According to Training in America by Garnevale, Gainer, and Villet (1990), two out of three workers say that everything they need to know was learned on the job, rather than through the classrooms. Thus the workplace is the most frequently traveled avenue to education and training for most employed persons. The authors further go on to state that estimates of employer investments in workplace training hover around $210 billion annually. Of that, about $30 billion is spent on formal training, while the rest, $180 billion is spent on informal, or on-the-job training. The estimates that I have seen for informal vs. formal learning in a work environment normally runs about 70 to 80 percent for informal learning. Thus I estimate that on the average, workers learn 75% of their job informally and 25% formally. This means informal/on-the-job learning gets 86% of all learning investments, which leaves 14% for formal learning programs. Note that the authors indicate that formal learning is designed, developed, and delivered training; while informal/on-the-job training may be structured, such as apprenticeship programs, or unstructured, such as coaching or showing another the best way to perform a task. I see two interesting aspects of this. This is the first time I have a seen training investment cost that tried to show the estimates for both formal and informal learning, however, the authors might have had more resources than others as this study was underwritten by the U.S. Department of Labour and conducted by ASTD. Of course it did include on-the-job training in informal learning, but on the other hand, is this where it should be included? Secondly, as Jay and others bring the auspice of informal learning to the attention of trainers, it seems to me that trainers will try to formalize even more informal learning. As this shift grows from formalizing the informal, will we see the percentage of investment in formal learning programs grow and the investment of informal learning shrink?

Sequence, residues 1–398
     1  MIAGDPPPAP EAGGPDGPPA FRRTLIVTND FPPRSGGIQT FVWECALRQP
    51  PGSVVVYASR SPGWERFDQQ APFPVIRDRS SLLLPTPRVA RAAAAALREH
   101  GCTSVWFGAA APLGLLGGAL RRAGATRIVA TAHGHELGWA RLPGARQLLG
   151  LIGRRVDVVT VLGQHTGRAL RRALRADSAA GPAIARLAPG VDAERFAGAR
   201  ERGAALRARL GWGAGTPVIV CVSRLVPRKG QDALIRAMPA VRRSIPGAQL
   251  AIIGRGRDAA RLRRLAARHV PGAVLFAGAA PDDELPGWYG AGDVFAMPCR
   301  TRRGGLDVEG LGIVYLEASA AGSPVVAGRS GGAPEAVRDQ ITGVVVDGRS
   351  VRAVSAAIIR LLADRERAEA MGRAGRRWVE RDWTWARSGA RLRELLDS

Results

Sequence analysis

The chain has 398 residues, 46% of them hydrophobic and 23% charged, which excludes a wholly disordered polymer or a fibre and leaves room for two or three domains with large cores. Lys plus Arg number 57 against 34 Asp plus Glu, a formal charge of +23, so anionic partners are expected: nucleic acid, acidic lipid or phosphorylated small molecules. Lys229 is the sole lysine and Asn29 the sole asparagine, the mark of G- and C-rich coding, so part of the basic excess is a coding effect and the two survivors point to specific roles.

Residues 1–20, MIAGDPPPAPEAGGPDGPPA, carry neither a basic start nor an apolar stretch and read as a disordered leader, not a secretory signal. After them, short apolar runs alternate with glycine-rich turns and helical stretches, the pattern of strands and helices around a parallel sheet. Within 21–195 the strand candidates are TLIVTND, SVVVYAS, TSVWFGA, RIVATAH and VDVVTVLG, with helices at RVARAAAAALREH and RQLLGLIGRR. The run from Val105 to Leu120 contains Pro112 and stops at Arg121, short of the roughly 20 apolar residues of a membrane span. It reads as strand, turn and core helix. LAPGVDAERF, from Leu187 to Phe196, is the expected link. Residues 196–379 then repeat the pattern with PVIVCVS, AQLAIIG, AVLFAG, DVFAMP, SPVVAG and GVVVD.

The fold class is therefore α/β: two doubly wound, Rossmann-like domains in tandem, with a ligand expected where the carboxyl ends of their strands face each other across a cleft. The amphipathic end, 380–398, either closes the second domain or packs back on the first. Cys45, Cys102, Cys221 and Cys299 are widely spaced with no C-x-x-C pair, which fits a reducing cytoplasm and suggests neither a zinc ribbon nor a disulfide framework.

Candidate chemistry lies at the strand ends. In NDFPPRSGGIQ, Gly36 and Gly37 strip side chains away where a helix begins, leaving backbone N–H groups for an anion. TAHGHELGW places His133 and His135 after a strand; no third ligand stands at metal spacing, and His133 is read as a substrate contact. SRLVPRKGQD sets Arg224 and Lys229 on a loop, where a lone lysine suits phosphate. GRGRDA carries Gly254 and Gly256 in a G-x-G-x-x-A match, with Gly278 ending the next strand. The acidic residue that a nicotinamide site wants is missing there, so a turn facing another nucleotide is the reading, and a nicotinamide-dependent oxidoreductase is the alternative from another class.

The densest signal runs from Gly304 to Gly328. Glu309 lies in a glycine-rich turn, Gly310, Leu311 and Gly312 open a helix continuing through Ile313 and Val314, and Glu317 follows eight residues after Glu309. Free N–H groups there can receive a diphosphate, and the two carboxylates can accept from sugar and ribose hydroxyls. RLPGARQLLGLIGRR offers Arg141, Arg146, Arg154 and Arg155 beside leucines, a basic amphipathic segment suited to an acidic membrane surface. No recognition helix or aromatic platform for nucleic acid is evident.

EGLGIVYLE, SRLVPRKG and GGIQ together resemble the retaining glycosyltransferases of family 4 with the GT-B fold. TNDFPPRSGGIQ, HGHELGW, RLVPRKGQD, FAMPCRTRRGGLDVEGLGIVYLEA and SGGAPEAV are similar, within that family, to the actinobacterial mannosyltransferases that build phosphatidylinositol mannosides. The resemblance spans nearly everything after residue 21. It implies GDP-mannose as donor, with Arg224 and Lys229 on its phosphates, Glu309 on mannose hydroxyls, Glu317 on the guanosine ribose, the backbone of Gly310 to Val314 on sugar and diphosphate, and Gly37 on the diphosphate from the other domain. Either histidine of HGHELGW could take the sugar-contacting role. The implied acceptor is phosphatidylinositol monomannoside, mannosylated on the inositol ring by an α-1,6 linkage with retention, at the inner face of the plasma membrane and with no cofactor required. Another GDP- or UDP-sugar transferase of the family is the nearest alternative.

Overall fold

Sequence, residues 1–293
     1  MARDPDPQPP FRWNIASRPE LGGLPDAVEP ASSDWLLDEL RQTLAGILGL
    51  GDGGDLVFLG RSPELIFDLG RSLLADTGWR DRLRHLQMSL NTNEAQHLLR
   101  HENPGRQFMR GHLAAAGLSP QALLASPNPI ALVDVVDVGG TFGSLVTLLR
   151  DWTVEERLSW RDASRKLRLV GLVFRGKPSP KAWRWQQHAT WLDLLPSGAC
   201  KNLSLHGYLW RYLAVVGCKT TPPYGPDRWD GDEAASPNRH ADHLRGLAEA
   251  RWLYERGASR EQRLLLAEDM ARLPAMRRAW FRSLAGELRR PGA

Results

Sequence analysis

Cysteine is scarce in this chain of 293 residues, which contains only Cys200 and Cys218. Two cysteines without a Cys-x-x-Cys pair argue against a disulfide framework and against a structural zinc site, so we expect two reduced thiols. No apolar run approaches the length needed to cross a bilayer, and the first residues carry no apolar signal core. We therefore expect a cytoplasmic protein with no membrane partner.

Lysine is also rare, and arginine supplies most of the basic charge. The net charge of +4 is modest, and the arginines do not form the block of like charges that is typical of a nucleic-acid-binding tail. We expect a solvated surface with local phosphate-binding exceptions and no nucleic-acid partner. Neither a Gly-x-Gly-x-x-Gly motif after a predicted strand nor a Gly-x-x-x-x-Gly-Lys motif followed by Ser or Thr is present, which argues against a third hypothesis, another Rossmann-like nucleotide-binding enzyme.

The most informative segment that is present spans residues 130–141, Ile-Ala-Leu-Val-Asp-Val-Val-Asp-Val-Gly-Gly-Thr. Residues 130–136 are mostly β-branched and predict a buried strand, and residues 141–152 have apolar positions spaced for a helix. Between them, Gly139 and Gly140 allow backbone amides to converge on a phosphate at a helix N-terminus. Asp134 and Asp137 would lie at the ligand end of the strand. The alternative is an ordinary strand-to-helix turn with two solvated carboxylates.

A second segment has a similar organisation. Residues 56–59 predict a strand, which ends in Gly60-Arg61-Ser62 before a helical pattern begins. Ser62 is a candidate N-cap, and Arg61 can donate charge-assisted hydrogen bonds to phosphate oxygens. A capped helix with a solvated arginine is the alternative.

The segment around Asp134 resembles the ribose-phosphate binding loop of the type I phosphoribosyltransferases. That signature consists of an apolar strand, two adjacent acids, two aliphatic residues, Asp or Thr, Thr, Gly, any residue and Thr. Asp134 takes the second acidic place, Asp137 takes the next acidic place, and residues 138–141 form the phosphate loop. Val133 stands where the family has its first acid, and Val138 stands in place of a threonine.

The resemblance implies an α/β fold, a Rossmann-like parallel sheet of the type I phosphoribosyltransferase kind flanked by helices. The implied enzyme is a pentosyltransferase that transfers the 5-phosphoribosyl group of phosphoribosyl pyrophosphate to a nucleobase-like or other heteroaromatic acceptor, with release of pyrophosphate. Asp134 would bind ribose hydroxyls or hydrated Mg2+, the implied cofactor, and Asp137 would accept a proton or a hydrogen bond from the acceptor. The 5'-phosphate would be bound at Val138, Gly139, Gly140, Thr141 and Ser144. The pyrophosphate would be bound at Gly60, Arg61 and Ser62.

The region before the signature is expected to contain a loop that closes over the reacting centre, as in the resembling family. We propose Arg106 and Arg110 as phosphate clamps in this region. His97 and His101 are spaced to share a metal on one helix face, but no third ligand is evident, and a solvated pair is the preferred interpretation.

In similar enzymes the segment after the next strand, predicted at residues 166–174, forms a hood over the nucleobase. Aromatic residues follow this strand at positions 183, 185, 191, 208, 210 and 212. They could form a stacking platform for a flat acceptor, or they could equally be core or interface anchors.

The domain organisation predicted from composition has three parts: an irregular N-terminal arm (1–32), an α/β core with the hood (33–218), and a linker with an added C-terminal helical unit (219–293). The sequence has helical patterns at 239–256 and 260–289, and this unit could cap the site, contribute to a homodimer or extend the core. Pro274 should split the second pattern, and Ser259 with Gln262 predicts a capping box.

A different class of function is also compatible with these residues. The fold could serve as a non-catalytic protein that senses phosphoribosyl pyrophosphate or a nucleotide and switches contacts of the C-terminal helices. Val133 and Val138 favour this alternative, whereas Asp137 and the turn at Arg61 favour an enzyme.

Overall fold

(From Canadian HR Reporter) — i4CP sent a newsletter recently commenting on the need for “integrated” to be added to the term “talent management” in order to update it and make it more powerful as they suggest in a new book. They mention the number of providers in the area changing names – StepStone Solutions to Lumesse and PeopleClickAuthoria to PeopleFluent. It sometimes seems as if every update of strategy requires a new name, though the new ones sometimes don’t seem much more enlightening than the old. It got me to questioning the use of the term talent management itself. I have always taken it to be an umbrella that takes in finding, recruiting, orienting, developing, managing and tracking performance and then moving people up through effective succession planning all the way through their careers. That definitely calls for integration of many HR functions and beyond, since line managers have to be central in many of the pieces – from supportive coaching on the development side to career planning conversations with individuals. They are definitely needed for effective succession planning discussions among groups of managers so everyone agrees on how to rotate people through progressively challenging assignments across different divisions to season their leadership knowledge and skills. Read more.